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Been Reading, Q1 2015

Self-criticism in Anderson (2005)

Goodness… You gotta make it out of badness...
cos there’s nothing else to make it out of.
– Robert Penn Warren

The craft of programming gratifies creative longings built deep within us and delights sensibilities we have in common with all men, providing five kinds of joys:

• The joy of making things;
• The joy of making things that are useful to other people;
• The fascination of fashioning puzzle-like objects of interlocking moving parts;
• The joy of always learning, of a nonrepeating task;
• The delight of working in a medium so tractable — pure thought-stuff — which nevertheless exists, moves, and works in a way that word-objects do not.
– Fred Brooks

When I give something 5?/5 I'm predicting that I’ll reread the thing, not more. It's a hedged bet: I don't think the very greatest echelons of value can be known immediately. It takes time, and continuity, and the accumulation of meaning. Only if one’s appreciation survives the changes one goes through can you really say it's the top. Call no book favourite until you are dead.

1/5: No.    4/5: 4/5: Very good.
2/5: Meh.     4*/5: Amazing but one read will do..
3/5: Skimmable.    5?/5: A possible 5/5.
3*/5: Mind candy.    5/5: Encore. A life companion.


  • At the bells: The Collapse of the Fact/Value Dichotomy (2002) by Hilary Putnam.

    Remarkable meta-ethics, which establishes itself in large part by undermining neoclassical economics.

    Important quibble: The title evokes sexy French relativism – e.g. there is no fact of the matter, il n’y a pas de hors-texte – whereas his actual thesis is that only the strictest, stupidest partition between facts and values collapsed. (A distinction is the mild statement that A is not the same thing as B – whereas a dichotomy is the strict logical exclusion of two things: ‘if something is A, it is a priori not B’.) A pedantic quibble: god he is fond of italics.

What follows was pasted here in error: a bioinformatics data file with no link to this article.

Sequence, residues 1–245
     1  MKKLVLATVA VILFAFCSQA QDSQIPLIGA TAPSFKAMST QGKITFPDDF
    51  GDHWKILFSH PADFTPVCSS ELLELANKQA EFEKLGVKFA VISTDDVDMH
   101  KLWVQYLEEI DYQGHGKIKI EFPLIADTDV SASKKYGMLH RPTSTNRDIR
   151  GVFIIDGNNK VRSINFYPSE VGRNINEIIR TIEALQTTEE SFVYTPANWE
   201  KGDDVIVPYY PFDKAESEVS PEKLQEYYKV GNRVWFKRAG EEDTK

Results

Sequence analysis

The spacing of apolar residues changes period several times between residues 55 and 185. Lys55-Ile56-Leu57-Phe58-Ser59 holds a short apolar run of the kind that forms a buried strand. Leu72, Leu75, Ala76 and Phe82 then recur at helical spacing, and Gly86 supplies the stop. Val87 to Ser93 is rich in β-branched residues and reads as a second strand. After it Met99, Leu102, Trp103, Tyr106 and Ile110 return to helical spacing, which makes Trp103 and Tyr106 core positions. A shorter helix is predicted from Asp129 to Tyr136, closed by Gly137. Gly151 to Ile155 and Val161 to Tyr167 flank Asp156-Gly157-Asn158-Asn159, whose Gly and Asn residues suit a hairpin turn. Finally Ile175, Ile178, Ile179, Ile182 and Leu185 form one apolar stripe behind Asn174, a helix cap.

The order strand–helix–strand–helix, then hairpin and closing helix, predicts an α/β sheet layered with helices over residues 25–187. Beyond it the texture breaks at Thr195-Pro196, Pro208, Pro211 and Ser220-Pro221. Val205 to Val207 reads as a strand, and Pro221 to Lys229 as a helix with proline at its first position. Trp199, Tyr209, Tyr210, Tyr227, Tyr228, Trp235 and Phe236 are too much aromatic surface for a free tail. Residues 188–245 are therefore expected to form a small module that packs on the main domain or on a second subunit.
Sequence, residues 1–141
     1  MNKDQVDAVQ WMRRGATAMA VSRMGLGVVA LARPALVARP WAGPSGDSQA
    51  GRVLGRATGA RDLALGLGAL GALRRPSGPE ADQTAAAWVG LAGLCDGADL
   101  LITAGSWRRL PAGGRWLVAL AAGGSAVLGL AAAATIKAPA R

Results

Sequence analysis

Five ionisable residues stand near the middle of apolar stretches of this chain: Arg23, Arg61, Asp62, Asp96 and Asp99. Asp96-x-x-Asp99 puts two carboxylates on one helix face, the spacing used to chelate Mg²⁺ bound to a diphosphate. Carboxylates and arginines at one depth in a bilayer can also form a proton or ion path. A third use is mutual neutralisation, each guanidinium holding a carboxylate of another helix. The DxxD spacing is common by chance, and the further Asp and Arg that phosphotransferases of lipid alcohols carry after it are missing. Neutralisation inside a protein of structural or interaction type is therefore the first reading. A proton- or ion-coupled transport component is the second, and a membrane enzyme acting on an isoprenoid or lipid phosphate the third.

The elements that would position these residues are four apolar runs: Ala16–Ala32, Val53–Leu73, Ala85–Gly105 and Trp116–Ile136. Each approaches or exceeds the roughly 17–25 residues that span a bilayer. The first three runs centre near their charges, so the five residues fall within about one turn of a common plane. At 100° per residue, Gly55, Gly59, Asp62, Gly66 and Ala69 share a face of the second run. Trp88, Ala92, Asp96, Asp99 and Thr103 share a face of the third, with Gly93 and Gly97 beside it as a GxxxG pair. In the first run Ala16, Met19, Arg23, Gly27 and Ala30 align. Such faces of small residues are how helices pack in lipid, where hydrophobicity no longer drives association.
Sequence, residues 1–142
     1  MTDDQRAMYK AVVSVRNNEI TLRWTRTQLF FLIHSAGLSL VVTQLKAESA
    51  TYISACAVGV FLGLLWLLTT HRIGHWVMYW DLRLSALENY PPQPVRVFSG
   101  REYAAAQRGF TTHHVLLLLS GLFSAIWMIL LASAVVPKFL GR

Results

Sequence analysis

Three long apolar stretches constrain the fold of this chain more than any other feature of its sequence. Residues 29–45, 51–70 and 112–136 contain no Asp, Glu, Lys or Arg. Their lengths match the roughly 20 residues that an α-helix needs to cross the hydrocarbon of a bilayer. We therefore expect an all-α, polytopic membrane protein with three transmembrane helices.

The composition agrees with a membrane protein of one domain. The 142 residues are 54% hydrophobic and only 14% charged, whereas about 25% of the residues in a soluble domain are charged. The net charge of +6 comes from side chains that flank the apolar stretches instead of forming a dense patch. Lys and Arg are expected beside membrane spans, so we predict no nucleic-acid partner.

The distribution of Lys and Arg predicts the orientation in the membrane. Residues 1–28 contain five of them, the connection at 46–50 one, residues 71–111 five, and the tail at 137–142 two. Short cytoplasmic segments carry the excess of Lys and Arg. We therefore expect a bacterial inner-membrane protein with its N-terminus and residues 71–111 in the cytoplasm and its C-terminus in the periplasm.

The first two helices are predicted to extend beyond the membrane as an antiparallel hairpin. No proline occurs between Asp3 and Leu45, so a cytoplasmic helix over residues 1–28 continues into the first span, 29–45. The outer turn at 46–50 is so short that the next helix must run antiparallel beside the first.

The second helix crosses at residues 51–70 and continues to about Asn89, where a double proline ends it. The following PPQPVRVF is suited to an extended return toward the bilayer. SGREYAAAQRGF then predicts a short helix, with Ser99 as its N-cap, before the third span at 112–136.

Anyway. It collapsed, but still lives on in other fields, decades after the fall of the positivism that was the only thing motivating it. Book is: a scathing modern history of the distinction, a Pragmatic reconstruction, a love letter to Amartya Sen. Putnam blames the philosophical dichotomy for the failures of economics, and from there for real suffering.
    The word “cruel”... has a normative and indeed, ethical use. If one asks me what sort of person my child’s teacher is, and I say "he is very cruel," I have both criticized him as a teacher and…as a man. I do not have to add, "he is not a good teacher" or "he is not a good man." I cannot simply... say, "he is a very cruel person and a good man," and be understood. Yet "cruel" can also be used purely descriptively, as when a historian writes that a certain monarch was exceptionally cruel, or that the cruelties of the regime provoked a number of rebellions. "Cruel" simply ignores the supposed fact/value dichotomy and cheerfully allows itself to be used sometimes for a normative purpose and sometimes as a descriptive term. (Indeed, the same is true of the term "crime.")
    Some claims: Factual and evaluative statements are necessarily entangled, since; Facts are ascertained as such only by the application of epistemic values: "coherence, plausibility, reasonableness, simplicity, and elegance... if these epistemic values do enable us to correctly describe the world... that is something we see through the lenses of those very values."; i.e. facts are thick too; i.e. he has been made to "rethinking the whole dogma (the last dogma of empiricism?) that facts are objective and values are subjective". Of course, coupled to his ditching foundationalism, this leads him a long way down the Rortyan road - 'science is just another social practice' yada yada - but he tries to salvage a sort of pragmatic objectivity for science. Dunno if he's winning, but I loved the race.